Overall, it may be concluded that the reaction between CI and NO yields a carbonyl compound and NO2, proceeding mostly through the formation of a cyclic intermediate. The NO reaction may act as a route for oxidizing NO to NO2 in the atmosphere, affecting NO/NO2 conversion rates. The associated NO-NO2 cycling is particularly important for the production of tropospheric O3 (Murray et al., 2013; Newsome and Evans, 2017; Ridley et al., 2017). O3 is produced by the photolysis of NO2 during the day, and reacts irreversibly with NO to form NO2 at night. But the presence of CIs may compete with O3 and reduce the reaction between NO and O3 at night, leading to the accumulation of O3.

The overall rate coefficient of IM4 with NO was estimated as 6.85 × 10–21 cm3 molecules–1 s–1 at 298 K, which is 2–3 orders of magnitude lower than the estimated rate coefficient (Vereecken et al., 2012). The concentrations of NO in forests, rural areas and cities are 3.3–4.8 × 108, 1.1 × 1010 and 9 × 1010 molecules cm–3, respectively. Thus, the effective bimolecular rate of IM4 with NO is 2.26 × 10–12–6.17 × 10–10 s–1.

3.2.3 Reaction with SO2

In the atmosphere, the Criegee intermediate IM4 can also undergo bimolecular reactions with SO2, which begins with the formation of a pre-reactive complex (PRC-SO2). This process releases 13.57 kcal mol–1 of energy. Then the 5-membered ring adduct IM1-SO2 is obtained via TS1-SO2, with this process being constrained by a reaction barrier height of 1.02 kcal mol–1 and being exothermic by 23.67 kcal mol–1. Finally, the 5-membered ring intermediate breaks the O-O and C-O bonds to form a carbonyl compound (IM3) and SO3. SO3 condenses with water to form fine sulfate aerosol particles in the atmosphere, which not only affects global climate change, but also

harms human health (Sarwar et al., 2013). This pathway can also account for non-OH sources in the atmosphere leading to increased sulfate aerosol production in coastal (Berresheim et al., 2014) and boreal forest environments (Mauldin et al., 2012).

The overall rate coefficient k of SO2 with IM4 is 3.19 × 10–10 cm3 molecules–1 s–1 at ambient temperature and 760 Torr, which is close to the previously reported experimental values of 2.4–6.7 × 10–11 cm3 molecules–1 s–1 for CH3CHOO (Taatjes et al., 2013), 1.3 × 10–11 cm3 molecules–1 s–1 for (CH3)2COO (Huang et al., 2015), and (4.2 ± 0.6) × 10–11 cm3 molecules–1 s–1 for methyl vinyl ketone oxide (Caravan et al., 2020), as well as the theoretical values of (3.68 ± 0.02) × 10–11 cm3 molecules–1 s–1 for CH2OO (Kuwata et al., 2015) and 5.27–6.54 × 10–10 cm3 molecules–1 s–1 for My-CIs (Deng et al., 2018). The concentration ranges of SO2 is about 1.7 × 1010 molecules cm3 in the boreal forest, 9 × 1010 molecules cm3 in a megacity and 6.6 × 109 molecules cm3 in rural Europe (Vereecken et al., 2012); thus the effective bimolecular rate of IM4 with respect to the reaction with SO2 is about 2.11–28.71 s–1. If SO2 is present in the atmosphere at a typical level of 5 × 1011 molecules cm3 (~20 ppbv) (Deng et al., 2018), the effective bimolecular rate of IM4 with respect to the reaction with SO2 is 159.5 s–1.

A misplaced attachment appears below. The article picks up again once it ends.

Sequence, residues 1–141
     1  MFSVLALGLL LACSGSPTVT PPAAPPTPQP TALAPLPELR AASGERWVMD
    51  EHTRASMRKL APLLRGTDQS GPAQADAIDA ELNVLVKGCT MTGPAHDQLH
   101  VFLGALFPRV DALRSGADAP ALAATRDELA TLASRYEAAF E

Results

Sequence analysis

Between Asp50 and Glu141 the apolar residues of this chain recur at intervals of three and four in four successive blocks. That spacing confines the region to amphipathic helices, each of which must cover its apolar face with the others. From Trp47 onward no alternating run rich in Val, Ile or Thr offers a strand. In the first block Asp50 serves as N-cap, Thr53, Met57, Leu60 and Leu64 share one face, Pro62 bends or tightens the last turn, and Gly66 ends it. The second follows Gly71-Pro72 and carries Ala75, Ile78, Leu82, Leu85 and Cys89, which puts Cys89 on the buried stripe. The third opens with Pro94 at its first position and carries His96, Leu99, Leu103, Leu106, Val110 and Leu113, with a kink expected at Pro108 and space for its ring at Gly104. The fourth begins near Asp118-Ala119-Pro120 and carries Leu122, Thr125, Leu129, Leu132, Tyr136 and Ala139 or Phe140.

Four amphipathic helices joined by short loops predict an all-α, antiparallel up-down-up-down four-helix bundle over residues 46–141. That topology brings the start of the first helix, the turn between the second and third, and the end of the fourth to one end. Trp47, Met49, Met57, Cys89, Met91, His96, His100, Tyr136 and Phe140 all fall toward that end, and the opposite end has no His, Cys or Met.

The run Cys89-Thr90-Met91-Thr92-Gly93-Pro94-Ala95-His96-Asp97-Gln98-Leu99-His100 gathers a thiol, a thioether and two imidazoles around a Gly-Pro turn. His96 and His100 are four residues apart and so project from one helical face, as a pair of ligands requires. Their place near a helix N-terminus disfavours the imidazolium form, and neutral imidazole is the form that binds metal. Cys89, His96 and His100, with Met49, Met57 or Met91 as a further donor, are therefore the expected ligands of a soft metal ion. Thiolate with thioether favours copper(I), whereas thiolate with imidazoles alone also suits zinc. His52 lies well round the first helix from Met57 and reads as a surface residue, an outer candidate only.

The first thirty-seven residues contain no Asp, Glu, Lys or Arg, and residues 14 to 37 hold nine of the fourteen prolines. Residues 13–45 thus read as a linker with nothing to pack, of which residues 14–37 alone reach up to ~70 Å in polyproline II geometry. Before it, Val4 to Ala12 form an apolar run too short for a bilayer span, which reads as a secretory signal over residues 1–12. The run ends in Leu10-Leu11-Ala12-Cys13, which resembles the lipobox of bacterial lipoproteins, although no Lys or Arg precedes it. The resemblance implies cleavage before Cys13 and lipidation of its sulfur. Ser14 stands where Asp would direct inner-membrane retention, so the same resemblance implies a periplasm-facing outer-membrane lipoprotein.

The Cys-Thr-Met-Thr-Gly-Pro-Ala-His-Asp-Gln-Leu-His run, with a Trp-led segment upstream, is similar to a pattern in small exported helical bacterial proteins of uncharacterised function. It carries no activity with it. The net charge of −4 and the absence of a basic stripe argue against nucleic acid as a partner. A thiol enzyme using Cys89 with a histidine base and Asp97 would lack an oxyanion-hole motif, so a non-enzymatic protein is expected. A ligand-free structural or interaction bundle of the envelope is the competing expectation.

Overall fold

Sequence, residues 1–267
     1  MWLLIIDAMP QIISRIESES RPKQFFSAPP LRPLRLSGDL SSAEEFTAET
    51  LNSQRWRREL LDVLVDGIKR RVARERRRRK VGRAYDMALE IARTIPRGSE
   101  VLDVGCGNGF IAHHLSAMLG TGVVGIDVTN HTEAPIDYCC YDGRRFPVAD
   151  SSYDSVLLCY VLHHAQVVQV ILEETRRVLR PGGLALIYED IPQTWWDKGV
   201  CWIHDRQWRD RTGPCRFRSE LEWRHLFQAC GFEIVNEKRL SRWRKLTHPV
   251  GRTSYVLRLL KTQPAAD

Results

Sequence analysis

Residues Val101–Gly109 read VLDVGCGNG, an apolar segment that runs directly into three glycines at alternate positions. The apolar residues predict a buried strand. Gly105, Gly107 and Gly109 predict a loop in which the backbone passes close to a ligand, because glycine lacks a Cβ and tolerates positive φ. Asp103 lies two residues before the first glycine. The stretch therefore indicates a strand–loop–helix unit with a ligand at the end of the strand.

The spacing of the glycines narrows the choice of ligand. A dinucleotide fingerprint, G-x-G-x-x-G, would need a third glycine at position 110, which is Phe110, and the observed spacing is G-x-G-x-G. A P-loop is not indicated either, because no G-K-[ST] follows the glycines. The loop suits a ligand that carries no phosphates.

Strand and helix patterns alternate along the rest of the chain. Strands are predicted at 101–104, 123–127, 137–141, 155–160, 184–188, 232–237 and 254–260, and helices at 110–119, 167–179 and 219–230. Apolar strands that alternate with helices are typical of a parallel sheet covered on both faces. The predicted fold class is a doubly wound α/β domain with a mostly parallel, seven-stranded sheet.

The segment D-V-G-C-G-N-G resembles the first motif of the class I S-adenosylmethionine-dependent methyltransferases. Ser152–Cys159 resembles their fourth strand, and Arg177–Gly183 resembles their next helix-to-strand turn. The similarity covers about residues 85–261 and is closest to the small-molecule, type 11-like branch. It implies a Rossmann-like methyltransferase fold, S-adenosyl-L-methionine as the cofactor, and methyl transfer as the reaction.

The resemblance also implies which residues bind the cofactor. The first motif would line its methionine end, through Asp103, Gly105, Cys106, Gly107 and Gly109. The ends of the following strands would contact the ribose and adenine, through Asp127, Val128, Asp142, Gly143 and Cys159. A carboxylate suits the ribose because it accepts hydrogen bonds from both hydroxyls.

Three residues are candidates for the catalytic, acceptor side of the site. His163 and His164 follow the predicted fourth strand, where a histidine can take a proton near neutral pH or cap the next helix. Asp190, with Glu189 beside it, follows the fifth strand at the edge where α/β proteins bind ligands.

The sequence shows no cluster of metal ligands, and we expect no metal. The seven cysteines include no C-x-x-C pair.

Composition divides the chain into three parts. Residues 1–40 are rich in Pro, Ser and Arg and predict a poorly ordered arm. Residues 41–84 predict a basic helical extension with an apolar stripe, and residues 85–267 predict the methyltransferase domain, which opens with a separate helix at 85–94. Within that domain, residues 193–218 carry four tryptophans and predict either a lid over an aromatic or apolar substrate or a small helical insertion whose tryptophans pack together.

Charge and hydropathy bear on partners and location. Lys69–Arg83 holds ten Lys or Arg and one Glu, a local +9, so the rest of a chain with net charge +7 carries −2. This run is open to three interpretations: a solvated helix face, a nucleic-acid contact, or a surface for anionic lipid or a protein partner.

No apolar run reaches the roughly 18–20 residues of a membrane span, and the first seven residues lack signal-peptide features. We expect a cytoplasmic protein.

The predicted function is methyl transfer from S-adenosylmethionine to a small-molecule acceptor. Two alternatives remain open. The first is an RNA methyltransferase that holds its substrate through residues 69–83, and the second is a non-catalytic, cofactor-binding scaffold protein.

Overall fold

3.3 Fate of IM3

As shown in Fig. 4, the carbonyl compound IM3 can further react with O3, with ozone approaching the >C=C< bond forming a 5-member-ring IM8 compound via pre-reactant complexes (PRC3). This process contains a total excess energy of approximately 68.52 kcal mol–1, which is sufficient to cause rapid ring breakage. The primary product channels were identified as IM9 (CH3COCH2CH2CHOO·) + trans-glyoxal (OHCCHO) or levulinic aldehyde (CH3COCH2CH2CHO) + CIs (OHCCHOO·), with potential barriers of 16.63 and 24.76 kcal mol–1, respectively. The CIs OHCCHOO· and CH3COCH2CH2CHOO· can further react with H2O, SO2 and NO to form the stabilized products glyoxal and levulinic aldehyde, respectively.

Fig. 4. The fate of IM3 with O3 at the M06-2X/6-311++G(3df,3pd)//M06-2X/6-31+G(d,p) level of theory (kcal mol−1).Fig. 4. The fate of IM3 with O3 at the M06-2X/6-311++G(3df,3pd)//M06-2X/6-31+G(d,p) level of theory (kcal mol−1).


We applied quantum chemistry and kinetic calculations to identify the mechanism driving the ozonolysis of citral and gained the following insights:

  • POZs can be formed by the attachment of O3 to C=C, after which carbonyl molecules and CIs can be formed by the simultaneous cleavage of the C-C bond of the forming 5-member-ring and one of the O-O bonds.

  • CIs can isomerize at a rate of 59 × 10–3 s–1. Additionally, they can bimolecularly react with H2O and SO2 at rates of 193 s–1 and 159.5 s–1, respectively, and, to a far lesser degree, with NO (at a rate of 2.26 × 10–12 to 6.17 × 10–10 s–1). More importantly, CIs can oxidize SO2 into SO3, leading to the production of sulfuric acid.

The ozonolysis of citral potentially produces low-volatility species with increased water solubility, such as aldehydes [–C(=O)H], ketones [–C(=O)–], alcohols (–OH), and hydroperoxides (–OOH), which can form SOA through the nucleation, condensation, and/or partitioning of the condensed and gaseous phases.


This work is supported by National Natural Science Foundation of China (21607011, 21976109), Key Research and Development Project of Shandong Province (2019GSF109021, 2019GSF109037), and Natural Science Foundation of Shandong Province (ZR2018MB043).